“Look at the stars Madge,” he says, holding that name of her’s she finds so ugly like a thing of beauty between the temple of his lips.
She sweep her eyes upward and pulls the blanket tighter. “I see,” Madge whispers.
Mama said that none of us was quite alike. ‘Said you could tell by the dresses we put on each morning, by the way our hands fell to our laps or to our sides, by the way we responded when we got in trouble. She’d caught us that morning. Well, caught Em. I’m sure she was the one who did it. But all of us were culprits until proven otherwise.
Anyway, Mama noted that Millie’s hands crossed over her dress, that told you she was serious, quiet but defiant. She said she had more flying around in her mind then any of us care to know. She said she’d shock us all one day. I wasn’t sure I believed that. Millie was too good to do anything remotely shocking. She never let me get away with even a stray hair on Sunday.
And Jane, Jane was sweet. Her fingers were always moving, over piano keys, picking flowers, playing with her hair. She liked to talk but about interesting things, like the color the light made across the leaves. Mama said Jane was poetically inclined. I wasn’t sure what that meant, but I knew Jane saw things in a way the rest of us didn’t.
Em’s hands never rested, but they didn’t move prettily like Jane’s. She’d twiddle her thumbs, or have her hands wrist high in mud, or would use them to arm wrestle Johnny, the boy next door. He tried to kiss her once and she slapped him. That was the last time they talked. Em talked to me more than any of our sisters. She told me Johnny was annoying and full of himself. I didn’t see anything wrong with a kiss, but the motives of kissing were beyond me.
And me, Mama’s Sarah, I was somewhere in the middle. I wasn’t outgoing like Em, but Mama said I wasn’t serious like Millie, or gentle like Jane. I liked to obey Mama, but I didn’t always agree with her. But I did love her, so I tried to be good. Millie annoyed me sometimes, the way she always wanted every button perfect and every hair in place. And I didn’t understand Jane, and Em was too loud for me. I wasn’t quite sure who I was in the middle of all of them.
Mama said I had quite a few years of growing to find out though.
The night he left she didn’t cry. He remembers her pale face, like the moon in that dark train station, upturned toward his as he kissed her goodbye. She didn’t let him kiss her at first, said she wanted to memorize his eyes before he left. “Although,” she had said, “Your eyes are rather hard to forget.” He’d rolled his eyes, and a tear slipped out the corner. She’d pulled him closer, wrapping her arms around him. He’d breathed in her scent memorizing the smell of jasmine so her could conjure up an image of her when the darkness would creep in, as he knew it would.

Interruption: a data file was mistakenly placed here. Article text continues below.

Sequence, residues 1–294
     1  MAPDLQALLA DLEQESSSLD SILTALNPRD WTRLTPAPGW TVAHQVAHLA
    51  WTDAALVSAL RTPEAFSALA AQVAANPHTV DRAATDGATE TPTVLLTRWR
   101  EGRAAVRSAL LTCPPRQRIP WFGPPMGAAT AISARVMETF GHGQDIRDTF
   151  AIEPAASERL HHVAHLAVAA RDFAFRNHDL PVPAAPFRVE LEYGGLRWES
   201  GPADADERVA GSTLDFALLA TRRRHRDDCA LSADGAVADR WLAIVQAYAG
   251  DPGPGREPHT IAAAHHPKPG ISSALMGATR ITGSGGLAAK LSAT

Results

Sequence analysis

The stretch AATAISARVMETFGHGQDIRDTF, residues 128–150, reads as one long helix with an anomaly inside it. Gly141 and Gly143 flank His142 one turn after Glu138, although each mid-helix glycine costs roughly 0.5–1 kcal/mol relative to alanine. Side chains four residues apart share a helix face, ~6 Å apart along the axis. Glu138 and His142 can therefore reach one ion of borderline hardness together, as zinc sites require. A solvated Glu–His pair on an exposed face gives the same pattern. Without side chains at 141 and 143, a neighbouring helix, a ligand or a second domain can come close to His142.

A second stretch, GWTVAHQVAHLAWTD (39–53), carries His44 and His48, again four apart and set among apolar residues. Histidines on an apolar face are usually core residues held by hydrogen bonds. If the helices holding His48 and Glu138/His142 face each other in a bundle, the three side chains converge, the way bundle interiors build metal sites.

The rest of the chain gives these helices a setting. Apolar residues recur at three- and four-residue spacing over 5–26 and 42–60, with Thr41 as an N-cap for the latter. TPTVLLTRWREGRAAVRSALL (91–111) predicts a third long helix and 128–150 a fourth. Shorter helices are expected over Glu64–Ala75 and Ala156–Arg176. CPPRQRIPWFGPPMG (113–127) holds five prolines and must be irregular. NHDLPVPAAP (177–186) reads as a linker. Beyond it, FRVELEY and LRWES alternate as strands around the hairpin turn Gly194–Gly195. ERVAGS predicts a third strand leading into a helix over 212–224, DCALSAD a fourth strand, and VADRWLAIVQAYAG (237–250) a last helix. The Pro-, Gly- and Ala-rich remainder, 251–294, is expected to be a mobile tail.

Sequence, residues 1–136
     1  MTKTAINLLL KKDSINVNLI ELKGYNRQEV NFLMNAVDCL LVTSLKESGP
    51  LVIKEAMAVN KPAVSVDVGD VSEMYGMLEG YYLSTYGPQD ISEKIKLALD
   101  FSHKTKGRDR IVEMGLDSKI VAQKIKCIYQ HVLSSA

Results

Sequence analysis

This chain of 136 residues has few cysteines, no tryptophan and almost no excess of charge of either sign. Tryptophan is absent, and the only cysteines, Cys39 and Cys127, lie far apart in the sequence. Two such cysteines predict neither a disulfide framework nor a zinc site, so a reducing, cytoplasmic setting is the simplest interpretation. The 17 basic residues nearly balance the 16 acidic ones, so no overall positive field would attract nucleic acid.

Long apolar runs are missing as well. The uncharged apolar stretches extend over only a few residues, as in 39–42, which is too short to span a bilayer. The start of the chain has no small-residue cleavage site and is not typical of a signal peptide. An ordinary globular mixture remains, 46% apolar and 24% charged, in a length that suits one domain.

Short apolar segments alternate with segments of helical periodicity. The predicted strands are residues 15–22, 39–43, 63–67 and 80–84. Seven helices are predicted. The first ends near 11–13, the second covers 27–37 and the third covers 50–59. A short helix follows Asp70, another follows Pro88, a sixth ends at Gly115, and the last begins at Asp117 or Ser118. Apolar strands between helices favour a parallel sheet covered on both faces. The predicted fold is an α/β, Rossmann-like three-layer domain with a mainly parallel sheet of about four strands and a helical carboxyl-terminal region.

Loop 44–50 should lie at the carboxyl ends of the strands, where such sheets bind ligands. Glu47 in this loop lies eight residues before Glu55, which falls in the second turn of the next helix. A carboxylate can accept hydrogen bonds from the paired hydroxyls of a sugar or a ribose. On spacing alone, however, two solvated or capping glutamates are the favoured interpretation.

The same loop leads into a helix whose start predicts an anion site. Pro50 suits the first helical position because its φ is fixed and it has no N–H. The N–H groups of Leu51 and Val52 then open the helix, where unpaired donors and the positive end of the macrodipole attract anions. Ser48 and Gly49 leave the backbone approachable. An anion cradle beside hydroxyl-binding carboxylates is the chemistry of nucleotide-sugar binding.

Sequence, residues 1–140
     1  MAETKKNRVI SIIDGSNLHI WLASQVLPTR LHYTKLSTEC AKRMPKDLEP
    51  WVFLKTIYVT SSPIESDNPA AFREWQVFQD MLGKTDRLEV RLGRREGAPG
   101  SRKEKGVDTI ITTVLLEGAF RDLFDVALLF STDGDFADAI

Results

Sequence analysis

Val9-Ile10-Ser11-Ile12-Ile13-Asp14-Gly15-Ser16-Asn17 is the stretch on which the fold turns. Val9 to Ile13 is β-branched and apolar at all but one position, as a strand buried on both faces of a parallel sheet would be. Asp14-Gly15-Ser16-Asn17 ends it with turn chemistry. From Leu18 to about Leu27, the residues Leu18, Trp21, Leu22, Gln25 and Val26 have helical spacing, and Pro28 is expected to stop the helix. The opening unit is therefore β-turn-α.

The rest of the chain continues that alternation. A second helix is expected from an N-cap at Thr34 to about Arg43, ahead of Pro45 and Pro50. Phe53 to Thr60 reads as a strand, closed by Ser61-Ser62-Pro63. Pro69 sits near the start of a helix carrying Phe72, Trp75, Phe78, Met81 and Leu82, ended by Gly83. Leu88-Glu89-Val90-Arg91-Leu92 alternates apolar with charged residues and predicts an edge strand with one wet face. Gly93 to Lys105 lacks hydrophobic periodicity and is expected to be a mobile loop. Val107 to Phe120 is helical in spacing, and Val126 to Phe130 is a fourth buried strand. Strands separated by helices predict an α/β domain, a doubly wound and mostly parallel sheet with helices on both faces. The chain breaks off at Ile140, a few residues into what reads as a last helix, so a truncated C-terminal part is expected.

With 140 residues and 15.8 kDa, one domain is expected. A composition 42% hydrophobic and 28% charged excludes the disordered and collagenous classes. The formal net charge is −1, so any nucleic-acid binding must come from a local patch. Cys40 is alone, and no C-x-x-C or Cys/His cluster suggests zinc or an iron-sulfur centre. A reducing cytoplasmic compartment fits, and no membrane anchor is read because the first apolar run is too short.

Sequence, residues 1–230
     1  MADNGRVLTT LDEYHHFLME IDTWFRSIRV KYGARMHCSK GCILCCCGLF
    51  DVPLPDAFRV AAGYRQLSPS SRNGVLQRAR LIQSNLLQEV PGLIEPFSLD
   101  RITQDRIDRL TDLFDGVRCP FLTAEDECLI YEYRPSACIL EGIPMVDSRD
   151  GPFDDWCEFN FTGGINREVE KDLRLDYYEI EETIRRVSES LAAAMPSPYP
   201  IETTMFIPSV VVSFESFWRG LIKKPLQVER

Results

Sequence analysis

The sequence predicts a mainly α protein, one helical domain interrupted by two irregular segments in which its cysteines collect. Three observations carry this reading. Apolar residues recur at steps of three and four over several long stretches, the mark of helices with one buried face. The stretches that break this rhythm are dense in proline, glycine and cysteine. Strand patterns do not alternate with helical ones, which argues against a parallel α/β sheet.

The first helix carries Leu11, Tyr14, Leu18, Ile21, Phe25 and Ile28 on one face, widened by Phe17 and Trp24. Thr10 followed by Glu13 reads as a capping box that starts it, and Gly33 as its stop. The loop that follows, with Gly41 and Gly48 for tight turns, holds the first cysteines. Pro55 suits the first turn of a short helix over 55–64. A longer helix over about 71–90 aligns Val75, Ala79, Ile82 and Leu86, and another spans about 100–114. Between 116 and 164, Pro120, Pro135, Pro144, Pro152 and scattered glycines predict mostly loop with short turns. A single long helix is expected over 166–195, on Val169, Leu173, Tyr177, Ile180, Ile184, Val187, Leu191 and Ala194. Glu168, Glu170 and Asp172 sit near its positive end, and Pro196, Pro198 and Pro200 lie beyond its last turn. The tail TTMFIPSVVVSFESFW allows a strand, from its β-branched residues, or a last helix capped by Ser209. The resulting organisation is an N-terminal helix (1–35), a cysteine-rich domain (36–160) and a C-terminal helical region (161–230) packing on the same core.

And the darkness had crept in. The rain had poured down over him at Dachau, on that day the gaunt faces pressed their image into his mind, and a tremendous throbbing rage and confusion and longing had squeezed his soul.
On the train home their faces kept appearing in his mind, and he didn’t know if he should feel guilty for feeling so comfortable. Their faces had been so pale, so dirty, so unlike her pure round face, and yet so like hers. Some of their eyes had lit up when they had entered. Their pupils become candles. And the light of some had snuffed out upon their arrival. Both had one thought – its over.
He didn’t feel despair, not as she ran toward him with beaming face and a coat flapping in the wind with propriety falling off its tail. He grinned too and they both stretched their arms wide. He buried his face in her hair and laughed until he cried, until he sobbed. And she rubbed his back, “It’s not over,” she whispered, “I know, I know. But I am here.”
What are your guys’ thoughts? Did you like these? Also, I feel like they’re all connected somehow… maybe I’ve been subconsciously plotting another story? You guys feel that connection too?